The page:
Introduction to New Series: Common Marketing & Branding Mistakes to Avoid
One of the things that I enjoy most about being a marketing and branding consultant is helping others solve their marketing questions. When I was working as a full-time marketer for other companies, I didn’t find many people outside of my place of employment asking me for marketing guidance. As one would expect, now that I am a consultant, I am finding that I get asked a lot more questions and receive a lot more requests for help from a wide variety of businesses and not for profit organizations.
A lot of the questions that I answer or challenges that I help solve are ones that I think a lot of brands and businesses face. As a result, I’ve decided to start a blog post series that addresses some of the mistakes or pitfalls that I am seeing, and I try to suggest ways that each can be avoided or corrected. This post is the very first of the series.
Mistake #1 Communicating Features instead of Benefits
One very common, but critical problem that marketers can face is understanding the difference between a feature (also known as an attribute) and a benefit. As a result, marketers can fall into the trap of promoting features to their target customer instead of benefits. This is a big mistake that can ultimately impact a brand’s success. As Phil Kotler and Gary Armstrong, renowned marketing gurus, state in their book Principles of Marketing, “Consumers do not buy attributes, they buy benefits.”
So to help clear up this problem, let me distinguish the difference between a feature and a benefit. A feature or attribute is a characteristic of a product or service. Examples of features are: high quality, durable, well-built, etc. Features don’t do things for the target customer or make him feel a certain way. Features don’t fulfill a customer’s needs.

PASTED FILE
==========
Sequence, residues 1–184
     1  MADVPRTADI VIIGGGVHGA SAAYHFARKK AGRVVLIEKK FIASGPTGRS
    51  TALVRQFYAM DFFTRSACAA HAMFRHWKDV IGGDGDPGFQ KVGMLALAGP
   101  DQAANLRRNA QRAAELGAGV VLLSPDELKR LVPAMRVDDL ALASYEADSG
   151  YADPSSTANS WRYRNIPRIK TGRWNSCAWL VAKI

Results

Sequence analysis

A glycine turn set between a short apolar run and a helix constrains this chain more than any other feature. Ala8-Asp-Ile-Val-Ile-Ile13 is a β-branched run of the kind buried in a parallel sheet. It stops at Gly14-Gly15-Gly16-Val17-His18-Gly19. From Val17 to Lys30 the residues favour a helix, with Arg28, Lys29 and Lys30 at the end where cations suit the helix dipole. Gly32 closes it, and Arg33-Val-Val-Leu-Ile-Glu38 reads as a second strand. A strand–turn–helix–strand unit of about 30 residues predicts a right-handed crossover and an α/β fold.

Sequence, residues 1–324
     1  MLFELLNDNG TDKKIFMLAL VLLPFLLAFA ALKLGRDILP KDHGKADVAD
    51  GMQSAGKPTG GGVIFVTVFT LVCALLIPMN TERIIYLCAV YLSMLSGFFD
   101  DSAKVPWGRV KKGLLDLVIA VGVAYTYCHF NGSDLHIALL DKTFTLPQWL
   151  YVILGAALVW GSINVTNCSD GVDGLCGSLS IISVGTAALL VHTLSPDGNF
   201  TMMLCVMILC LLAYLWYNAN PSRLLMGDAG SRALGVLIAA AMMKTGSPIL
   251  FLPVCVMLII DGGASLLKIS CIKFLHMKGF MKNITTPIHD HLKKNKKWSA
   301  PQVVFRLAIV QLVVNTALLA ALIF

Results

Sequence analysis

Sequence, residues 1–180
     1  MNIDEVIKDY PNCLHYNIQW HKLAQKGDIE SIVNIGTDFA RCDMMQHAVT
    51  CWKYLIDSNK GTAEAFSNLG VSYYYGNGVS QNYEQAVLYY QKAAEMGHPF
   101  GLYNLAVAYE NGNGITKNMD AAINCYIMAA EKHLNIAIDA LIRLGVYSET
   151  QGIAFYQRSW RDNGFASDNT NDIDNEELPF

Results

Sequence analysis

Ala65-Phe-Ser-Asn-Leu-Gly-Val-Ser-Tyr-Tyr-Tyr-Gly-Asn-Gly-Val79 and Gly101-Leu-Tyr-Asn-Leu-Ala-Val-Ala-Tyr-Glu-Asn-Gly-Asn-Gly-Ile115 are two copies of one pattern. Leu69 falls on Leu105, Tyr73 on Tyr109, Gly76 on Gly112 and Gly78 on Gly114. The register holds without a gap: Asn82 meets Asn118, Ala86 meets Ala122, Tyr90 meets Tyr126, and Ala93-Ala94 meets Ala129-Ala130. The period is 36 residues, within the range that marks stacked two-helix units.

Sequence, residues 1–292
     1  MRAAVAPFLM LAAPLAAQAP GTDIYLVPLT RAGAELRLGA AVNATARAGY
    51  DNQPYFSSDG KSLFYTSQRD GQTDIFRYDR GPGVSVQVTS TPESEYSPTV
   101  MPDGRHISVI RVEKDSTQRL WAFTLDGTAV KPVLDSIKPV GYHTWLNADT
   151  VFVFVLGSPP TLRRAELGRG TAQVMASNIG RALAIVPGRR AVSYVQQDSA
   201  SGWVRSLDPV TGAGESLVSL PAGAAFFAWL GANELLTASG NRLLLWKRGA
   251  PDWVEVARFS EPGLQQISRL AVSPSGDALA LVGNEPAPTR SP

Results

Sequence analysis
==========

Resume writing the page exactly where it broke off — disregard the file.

However, features can be translated into benefits that are meaningful to the target customer. Benefits fulfill the target customer’s needs or desires. Benefits are the reasons why a customer chooses a brand and buys a product or service. Examples of benefits are: ‘makes me look like I have good taste’ or ‘won’t break so that I won’t have to buy another soon’. Benefits can be functional (what the product/service does for the target customer) or emotional (how the product/service makes the target customer feel).
The key to translating a product or service’s features into benefits is understanding the target customer’s needs. By understanding these needs, a marketer can identify the relevant benefits that fulfill the needs. The benefits are based on the product or service’s features/attributes.
So with all of that said, marketers should look at the messages that they are using to grow their brand and promote their products or services. Are the messages communicating the benefits to the target customer? Or are they really just communicating the features? Benefits are much more meaningful and impactful than features, so if features are being communicated, the brand is not realizing its full potential. Marketers can stop making this mistake by translating the features into benefits for their target customer.